Campus News

Arctic Museum Receives Collection of Inuit Art from Rabbi Sky

Story posted March 17, 2011

Rabbi Harry Z. Sky, Rabbi Emeritus of Temple Beth El in Portland and a resident of Falmouth, Maine, has donated his collection of Canadian Inuit Art to the Peary-MacMillan Arctic Museum and Arctic Studies Center.

Shaman, transformation in green, Turatura Ragee, 1997.

This donation is a significant contribution to the museum’s growing collection of Inuit art.

The Rabbi Harry Z. and Ruth L. Sky collection of 36 sculptures and two prints comes from communities across the Canadian Arctic and includes pieces by many well known artists, such as Kenojuak Ashevak and George Arluk.

Many of the pieces depict transformations.

“Inuit artists frequently depict humans and animals in the act of transformation,” says Susan Kaplan, the museum’s director. 

“A figure may appear to be a composite person and bird, or a musk ox may have a raven’s beak.”

Rabbi Sky is particularly drawn to this imagery, which reflects both spiritual and mythical aspects of Inuit culture.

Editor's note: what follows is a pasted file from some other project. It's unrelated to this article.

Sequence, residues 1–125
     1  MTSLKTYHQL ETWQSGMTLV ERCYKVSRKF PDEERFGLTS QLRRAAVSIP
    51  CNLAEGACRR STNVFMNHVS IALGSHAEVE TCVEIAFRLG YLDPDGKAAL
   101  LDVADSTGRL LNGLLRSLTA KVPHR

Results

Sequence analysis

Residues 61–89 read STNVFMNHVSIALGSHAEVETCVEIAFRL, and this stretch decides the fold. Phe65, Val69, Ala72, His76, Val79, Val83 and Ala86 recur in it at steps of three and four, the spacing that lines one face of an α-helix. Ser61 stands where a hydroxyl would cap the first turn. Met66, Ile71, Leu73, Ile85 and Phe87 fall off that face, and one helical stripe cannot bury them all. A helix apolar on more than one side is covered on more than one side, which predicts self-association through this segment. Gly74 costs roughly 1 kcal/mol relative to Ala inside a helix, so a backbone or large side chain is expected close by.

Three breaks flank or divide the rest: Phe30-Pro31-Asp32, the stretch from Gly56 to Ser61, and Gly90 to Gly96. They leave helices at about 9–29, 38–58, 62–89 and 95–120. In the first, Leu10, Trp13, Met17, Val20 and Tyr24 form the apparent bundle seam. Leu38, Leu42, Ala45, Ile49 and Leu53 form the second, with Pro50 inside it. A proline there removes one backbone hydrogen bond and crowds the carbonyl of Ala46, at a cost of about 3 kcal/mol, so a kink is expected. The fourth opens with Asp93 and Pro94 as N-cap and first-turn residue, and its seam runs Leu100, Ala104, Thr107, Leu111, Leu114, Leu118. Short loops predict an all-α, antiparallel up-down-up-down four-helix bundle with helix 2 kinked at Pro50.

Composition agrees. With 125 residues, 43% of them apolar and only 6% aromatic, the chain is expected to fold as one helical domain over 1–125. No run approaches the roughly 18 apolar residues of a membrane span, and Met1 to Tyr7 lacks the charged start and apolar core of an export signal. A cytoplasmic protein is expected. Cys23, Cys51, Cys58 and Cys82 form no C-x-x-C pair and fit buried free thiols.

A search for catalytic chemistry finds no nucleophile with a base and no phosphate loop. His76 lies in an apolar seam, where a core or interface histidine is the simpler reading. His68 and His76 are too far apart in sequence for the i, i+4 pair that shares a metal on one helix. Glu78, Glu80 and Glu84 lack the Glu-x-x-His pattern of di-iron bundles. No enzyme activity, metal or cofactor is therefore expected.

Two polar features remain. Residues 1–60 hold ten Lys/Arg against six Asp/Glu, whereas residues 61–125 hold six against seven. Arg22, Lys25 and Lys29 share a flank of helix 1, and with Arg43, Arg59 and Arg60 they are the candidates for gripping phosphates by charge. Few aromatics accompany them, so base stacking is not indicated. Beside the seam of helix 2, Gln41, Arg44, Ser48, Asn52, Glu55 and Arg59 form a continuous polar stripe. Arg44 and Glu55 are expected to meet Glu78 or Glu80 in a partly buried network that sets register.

Musk Ox300.jpg
Muskox/bird transformation.

He is also attracted to pieces expressing a joyful life, such a youngster doing a handstand.

Inuit art is not something we expect a rabbi to be deeply interested in, but Rabbi Sky has spent his life defying traditional expectations.

In Inuit art he has found imagery that resonates with his beliefs, in particular the idea that people are continually changing, transforming themselves throughout their lives.

Standing figure with fur, Rankin Inlet.

Rabbi Sky has worked for change on many levels throughout his long career.

He was awarded the inaugural Catalyst for Change Award in 2007 by the Jean Byers Sampson Center for Diversity in Maine for his championing of human rights.

He was also a founding member of Maine’s Senior College, now the Osher Lifelong Learning Institute, at the University of Southern Maine.

This donation marks the 50th anniversary of Rabbi Sky’s arrival in Maine.

Handstand, 1974.

In the spring, the Arctic Museum staff hopes to work with Rabbi Sky to document his interpretations of these pieces of art, followed by an exhibition of some of the works in the next few years.

The Peary-MacMillan Arctic Museum has recently been the recipient of other gifts of Inuit art, including a large donation by Robert and Judith Toll.

The Toll collection is the subject of the current exhibit, Imagination Takes Shape: Canadian Inuit Art from the Robert and Judith Toll Collection, on view until late fall of 2011.

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